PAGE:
FEATURED MODS AND MODDERS – Doom BY Ken Byrnes
written by: Terrence Sellers
It may or may not be fair to say that Ken Byrnes is the most talented modder in Australia right now, but it’s more than fair to say that he’s the most technically skilled one. While he may only have been modding PC’s for the last year and a half, he’s been a professional artist in just about every trade relevant to modding for more than 20 years. The number of technical skills he has makes him a force to be reckoned with in the modding community even if he had no interest in case modding. He has professional level experience in air brushing, spray painting, oil painting, clay modeling, 3D modeling and texturing, wood working, metal working, and a number of other visual crafts. While the Case Mod World Series ANZ edition was only his second modding competition, he’s won countless trophies and prizes for art competitions in other mediums. It’s almost unfair to compare other modders to Ken because he’s not just stacking the deck, but building it from scratch.
Having only done three mods total, Ken Byrnes has already won two modding competitions and become a well-known sponsored modder. One could even say that he’s helped put Australia on the modding map. And he hasn’t even been involved in PC building for that long. He built his first PC when he was 30 years old and only built one other one before he got into modding 15 years later. To have started modding at such a late age is a rare thing. To excel at it so quickly is even rarer.
A Long Road Home
Ken Byrnes has many skills but he has yet to find a lifelong profession. Call it boredom. Call it bad luck. He’s a master of many trades but has never settled on a profession that he both loved and could keep doing for the rest of his life from a financial standpoint. It was this lack of contentment and stability that led him to learning all these art forms, but the more he learns the more he wants to do. He entered the modding scene for similar reasons. He just needed a new way to try to express himself artistically that would challenge his abilities.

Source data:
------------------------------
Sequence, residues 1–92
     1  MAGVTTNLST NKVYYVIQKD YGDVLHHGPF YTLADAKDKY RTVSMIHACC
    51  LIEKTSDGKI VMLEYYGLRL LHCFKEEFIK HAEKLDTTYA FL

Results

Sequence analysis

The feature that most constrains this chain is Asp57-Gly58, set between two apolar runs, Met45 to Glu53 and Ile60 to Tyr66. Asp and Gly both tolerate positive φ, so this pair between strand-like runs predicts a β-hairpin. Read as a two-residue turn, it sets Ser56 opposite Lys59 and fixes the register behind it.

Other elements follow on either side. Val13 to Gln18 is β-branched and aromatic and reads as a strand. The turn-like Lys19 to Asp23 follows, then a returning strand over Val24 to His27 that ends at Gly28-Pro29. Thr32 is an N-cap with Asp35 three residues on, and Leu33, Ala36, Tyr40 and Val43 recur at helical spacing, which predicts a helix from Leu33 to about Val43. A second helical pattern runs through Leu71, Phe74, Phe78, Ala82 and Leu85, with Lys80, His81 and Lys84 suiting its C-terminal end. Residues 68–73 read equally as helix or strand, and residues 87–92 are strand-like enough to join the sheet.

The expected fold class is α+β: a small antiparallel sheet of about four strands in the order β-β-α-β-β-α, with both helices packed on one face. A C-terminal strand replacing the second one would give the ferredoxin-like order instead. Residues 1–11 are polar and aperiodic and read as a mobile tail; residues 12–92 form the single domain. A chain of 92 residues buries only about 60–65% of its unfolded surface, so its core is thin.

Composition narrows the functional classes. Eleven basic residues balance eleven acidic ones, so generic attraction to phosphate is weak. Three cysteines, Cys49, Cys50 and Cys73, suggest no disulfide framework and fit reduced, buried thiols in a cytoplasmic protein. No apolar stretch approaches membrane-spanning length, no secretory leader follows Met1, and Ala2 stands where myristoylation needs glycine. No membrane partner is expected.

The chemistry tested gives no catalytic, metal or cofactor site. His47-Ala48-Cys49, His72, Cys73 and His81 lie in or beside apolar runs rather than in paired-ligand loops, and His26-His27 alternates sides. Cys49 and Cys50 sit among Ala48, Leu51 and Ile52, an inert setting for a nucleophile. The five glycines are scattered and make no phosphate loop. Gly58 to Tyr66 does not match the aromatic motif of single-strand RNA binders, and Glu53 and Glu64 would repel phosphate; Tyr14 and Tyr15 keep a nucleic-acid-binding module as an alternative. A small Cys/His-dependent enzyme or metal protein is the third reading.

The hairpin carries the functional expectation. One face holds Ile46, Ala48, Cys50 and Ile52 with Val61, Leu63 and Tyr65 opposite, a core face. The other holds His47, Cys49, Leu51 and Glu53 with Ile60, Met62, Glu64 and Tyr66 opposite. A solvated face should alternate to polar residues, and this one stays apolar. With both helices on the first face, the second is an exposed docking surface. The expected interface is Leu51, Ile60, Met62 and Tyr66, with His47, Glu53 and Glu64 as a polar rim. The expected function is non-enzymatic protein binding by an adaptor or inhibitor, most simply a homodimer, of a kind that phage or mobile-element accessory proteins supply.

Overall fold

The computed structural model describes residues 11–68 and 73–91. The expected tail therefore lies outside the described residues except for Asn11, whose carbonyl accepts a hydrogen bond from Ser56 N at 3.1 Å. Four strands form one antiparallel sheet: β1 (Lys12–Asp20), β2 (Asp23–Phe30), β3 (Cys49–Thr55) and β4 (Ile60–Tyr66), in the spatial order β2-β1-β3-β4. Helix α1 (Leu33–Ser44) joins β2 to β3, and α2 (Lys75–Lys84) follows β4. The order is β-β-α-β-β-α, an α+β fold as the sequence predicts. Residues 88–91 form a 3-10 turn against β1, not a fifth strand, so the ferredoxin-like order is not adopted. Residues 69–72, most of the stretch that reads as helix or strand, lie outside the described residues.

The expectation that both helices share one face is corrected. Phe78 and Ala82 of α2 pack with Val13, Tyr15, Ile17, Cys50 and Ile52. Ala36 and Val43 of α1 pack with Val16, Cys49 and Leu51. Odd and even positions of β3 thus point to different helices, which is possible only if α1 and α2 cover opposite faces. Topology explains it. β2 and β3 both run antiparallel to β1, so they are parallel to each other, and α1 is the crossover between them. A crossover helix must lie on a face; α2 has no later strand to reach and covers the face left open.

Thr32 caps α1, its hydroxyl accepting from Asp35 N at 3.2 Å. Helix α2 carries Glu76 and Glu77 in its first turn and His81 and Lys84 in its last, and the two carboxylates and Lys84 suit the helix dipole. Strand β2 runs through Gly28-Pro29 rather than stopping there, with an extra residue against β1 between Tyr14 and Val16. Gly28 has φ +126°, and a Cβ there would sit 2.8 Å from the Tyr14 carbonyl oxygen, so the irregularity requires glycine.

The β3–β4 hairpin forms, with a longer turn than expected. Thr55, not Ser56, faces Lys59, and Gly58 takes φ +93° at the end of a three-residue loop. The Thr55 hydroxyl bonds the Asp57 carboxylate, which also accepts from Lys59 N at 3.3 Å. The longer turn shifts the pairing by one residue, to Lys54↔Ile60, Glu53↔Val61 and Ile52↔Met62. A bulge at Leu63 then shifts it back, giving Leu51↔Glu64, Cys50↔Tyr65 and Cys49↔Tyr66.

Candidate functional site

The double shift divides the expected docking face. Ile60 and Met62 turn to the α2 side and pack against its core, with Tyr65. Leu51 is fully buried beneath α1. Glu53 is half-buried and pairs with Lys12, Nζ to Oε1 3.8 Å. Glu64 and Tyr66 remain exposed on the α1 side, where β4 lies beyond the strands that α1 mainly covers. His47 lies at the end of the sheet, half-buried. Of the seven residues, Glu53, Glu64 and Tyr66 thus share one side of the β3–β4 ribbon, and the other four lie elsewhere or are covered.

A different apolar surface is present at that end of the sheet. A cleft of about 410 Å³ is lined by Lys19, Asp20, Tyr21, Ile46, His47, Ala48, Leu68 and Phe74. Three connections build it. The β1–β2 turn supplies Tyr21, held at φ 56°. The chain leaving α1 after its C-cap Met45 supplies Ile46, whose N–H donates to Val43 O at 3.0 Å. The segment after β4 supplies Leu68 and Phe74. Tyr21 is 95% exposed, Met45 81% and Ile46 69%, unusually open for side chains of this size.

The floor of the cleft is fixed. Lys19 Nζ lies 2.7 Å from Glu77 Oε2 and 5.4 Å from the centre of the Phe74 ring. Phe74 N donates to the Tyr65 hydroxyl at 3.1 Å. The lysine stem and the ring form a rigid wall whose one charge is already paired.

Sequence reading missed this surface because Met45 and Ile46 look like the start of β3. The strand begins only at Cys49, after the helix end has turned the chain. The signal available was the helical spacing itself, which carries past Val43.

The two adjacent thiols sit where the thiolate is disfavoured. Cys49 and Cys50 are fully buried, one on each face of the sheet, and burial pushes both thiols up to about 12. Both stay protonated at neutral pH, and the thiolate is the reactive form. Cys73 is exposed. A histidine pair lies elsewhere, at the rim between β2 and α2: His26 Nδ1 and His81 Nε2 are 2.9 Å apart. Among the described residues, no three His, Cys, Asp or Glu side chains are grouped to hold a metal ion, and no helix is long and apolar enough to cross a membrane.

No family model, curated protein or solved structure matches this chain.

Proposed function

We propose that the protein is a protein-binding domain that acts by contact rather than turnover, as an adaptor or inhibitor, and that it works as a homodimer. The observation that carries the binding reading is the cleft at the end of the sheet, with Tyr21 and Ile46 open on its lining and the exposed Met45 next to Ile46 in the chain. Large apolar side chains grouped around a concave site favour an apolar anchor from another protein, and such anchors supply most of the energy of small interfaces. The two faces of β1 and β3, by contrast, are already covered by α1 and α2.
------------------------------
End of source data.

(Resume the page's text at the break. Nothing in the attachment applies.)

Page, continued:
As Ken has continued to improve his already excellent modding techniques, he has also grown more passionate for the craft. Currently it’s still just a hobby. He works a full time job and can only mod on nights and weekends, usually in his kitchen. But he has high hopes that modding could eventually become a real profession for him. He has aspirations to create products that other modders and PC builders can use to improve the appearance of their own PC’s. For the first time in a long time he’s found a line of work that might finally be what he’s been searching for.
The Secret to World Class Modding
When asked about how he approaches modding and art in general, Ken gives a very interesting and introspective answer. He doesn’t do anything less than to the best of his abilities and he doesn’t take on any projects that he doesn’t believe he can do differently and better than what’s already being done. If he can’t innovate within the art form then he doesn’t become involved in it. His approach to modding is based on these key tenets. If the mod isn’t personally challenging and innovative then it’s not worth his time. His ultimate goal is to create mods that change the way other modders look at and ultimately do modding.